Literacy

Professional Development

March 12, 2013

CSCOPE vs. Textbook vs. GOOD Teaching

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It’s all a little strange for us as far as what we teach and when we teach it.  We have CSCOPE that we have to follow. {If you want to know what that’s all about, just type CSCOPE into google.  Read about all of the craziness!} We also have a state textbook adoption, too.  Then, we have what we have done that we have seen work that we KNOW is GOOD SOLID teaching. Teaching that we have seen make our data shine.

Here’s the problem I often run into with CSCOPE and the adoption.  They are never on the same track.  CSCOPE doesn’t have me teaching comprehension skills for any amount of solid time, either.

Example from last week:
textbook says discuss inferring
CSCOPE says teach about media and how advertisements can be false

So I thought to myself….which would be better for my kids?  Which teaches them to think like a reader? I understand the importance of understanding media and how it affects us, but I teach 1st grade.  I have to teach these kids how to read and COMPREHEND.

My conclusion: I taught inferring. For a solid week I modeled how to infer during read aloud.  They practiced with me during shared reading as we read a big book.  We practiced again during guided reading if the text lend itself to that. (Some books just don’t and that’s okay.  We focused on other comprehension skills.)

I feel like I could go on and on about how I don’t care for CSCOPE or the adoption.  They aren’t horrible, I just don’t think they always offer the BEST for kids.  Then again, is there any ONE resource that does??? If you know of one, please tell me!

I DO care for BALANCED LITERACY my friends! I never have had to teach with either of those two, CSCOPE or the adoption, until I came to my new-ish district.  I try my best to stay on track with what the rest of the grade level is focusing on… i.e. inferring last week. Call me bad, but my as my wonderful friend Dawn has told me over and over. You do what you know works and your data will show that you are doing something right.

It hasn’t failed me yet.

Here is a peek at how I taught making inferences. Adoption + GOOD Teaching.

We read these David Shannon books.

The kids LOVED it! It also was great because they were familiar with David because they have heard No, David! a jillion times by now.

We made an anchor chart of course.  We had already made one earlier in the year with all of the sentence stems that we use when we talk about inferring, but we made this to help us remember that an inference is different than a prediction.

No judging on cuteness….it got the job done and it can be cute-sified later!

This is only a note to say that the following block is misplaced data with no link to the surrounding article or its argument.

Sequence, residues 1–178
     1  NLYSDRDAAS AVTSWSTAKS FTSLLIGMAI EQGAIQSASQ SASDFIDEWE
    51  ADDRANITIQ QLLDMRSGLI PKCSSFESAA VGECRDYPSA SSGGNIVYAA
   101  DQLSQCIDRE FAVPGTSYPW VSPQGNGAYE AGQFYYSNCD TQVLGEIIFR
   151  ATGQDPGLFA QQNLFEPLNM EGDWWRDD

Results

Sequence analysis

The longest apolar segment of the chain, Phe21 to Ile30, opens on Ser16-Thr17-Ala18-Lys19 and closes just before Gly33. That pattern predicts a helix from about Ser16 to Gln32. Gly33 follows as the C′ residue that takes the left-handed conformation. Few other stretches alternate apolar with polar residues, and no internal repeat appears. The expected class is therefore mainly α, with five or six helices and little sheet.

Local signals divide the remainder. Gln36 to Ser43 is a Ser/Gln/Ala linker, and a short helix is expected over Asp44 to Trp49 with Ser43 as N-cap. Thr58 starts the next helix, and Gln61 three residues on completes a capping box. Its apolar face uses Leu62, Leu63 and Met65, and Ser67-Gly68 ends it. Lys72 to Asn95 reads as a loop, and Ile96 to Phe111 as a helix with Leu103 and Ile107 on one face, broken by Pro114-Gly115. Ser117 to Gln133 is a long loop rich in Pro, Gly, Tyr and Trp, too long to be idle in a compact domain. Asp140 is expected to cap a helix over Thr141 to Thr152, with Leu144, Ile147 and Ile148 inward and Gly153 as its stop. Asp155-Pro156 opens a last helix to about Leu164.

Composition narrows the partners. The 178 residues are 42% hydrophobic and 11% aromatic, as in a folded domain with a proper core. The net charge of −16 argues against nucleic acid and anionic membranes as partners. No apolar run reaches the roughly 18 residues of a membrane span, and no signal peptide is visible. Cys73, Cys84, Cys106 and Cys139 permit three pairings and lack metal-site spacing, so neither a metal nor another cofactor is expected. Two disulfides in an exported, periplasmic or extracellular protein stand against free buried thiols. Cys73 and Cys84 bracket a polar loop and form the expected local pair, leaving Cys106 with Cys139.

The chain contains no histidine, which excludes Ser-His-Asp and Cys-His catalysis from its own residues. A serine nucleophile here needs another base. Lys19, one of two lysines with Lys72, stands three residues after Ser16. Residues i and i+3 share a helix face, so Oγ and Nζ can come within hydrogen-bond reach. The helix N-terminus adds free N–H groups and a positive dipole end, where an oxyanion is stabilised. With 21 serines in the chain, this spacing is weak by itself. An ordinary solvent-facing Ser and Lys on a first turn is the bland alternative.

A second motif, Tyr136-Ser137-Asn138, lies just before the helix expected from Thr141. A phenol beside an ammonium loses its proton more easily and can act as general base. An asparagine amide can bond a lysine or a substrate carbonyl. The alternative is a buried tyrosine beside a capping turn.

At the end of the week, the kids had to write about their own inference.  I think led them with teacher directions to make their own david! Here is mine completed.

 We made a silly David since we read David Gets in Trouble.

Here is what their’s look like so far! We will have to complete the arms and other few details when we return.

My wonderful teammate had a great idea to make David much like David Shannon did…as a 5 year old.  I had a few perfectionists that were begging for tracers.  I. LOVE. THEM. They turned out JUST as they were supposed to!! Even if they drive some of my friends a bit crazy!! 😉

Happy Teaching,

Amanda

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Hi, I'm Amanda

I’m a K-1 teacher who is passionate about making lessons your students love and that are easy to implement for teachers.  Helping teachers like you navigate their way through their literacy block brings me great joy. I am a lifelong learner who loves staying on top of current literacy learning and practices. Here, you’ll find the tools you need to move your K-2 students forward!

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11 Responses

  1. I completely agree with you. We have to follow the sequence of CSCOPE but my grade level doesnt use its lessons or other materials. I plan for math and social studies so that is what I look at the most. I know exactly how you feel about. To me the curriculum is all over the place. I am not a fan. I do what it asks but in my own way. Seems to be working so far.

  2. We did the same lesson with David a few weeks ago. The kids also enjoyed Good Boy Fergus and they inferred that Fergus was David’s dog…they saw him in David Gets in Trouble :).

    1. So did mine!! Isn’t it fun to see their little light bulbs go off? Mine inferred that David was older, too, but he hadn’t changed. I just had to laugh and wanted to say, “And that may be you one day if you don’t start following directions!” ha ha ha! 🙂

  3. I love hearing what others think about Cscope. Our district just bought into the craziness and we are starting to use it for the first year next school year. We have a textbook adoption, phonics program, math adoption, etc. So trying to fit all that together and align it with Cscope has been a NIGHTMARE!! They have told us that we MUST follow the order of Cscope…but I totally agree with you. Is some of the stuff really necessary in 1st grade? Next year should be interesting. I look forward to hearing more about what you do in the classroom and how it aligns to Cscope.

    Your David inferencing is too cute! We start that skill when we come back. I will definitely be using it the 2nd week I teach about it. Do you have the “Inferring with David” sheet in a packet you sell?

    Thanks! (sorry I wrote a novel!)
    Lindsay
    For the Love of First Grade

    1. It’s okay! I totally understand how you feel. So many people have been overwhelmed by CSCOPE and I get it….it’s crazy! Yes, I have the Inferring with David sheet available now! I finally finished the little unit. 🙂 Check it out in my TpT store!

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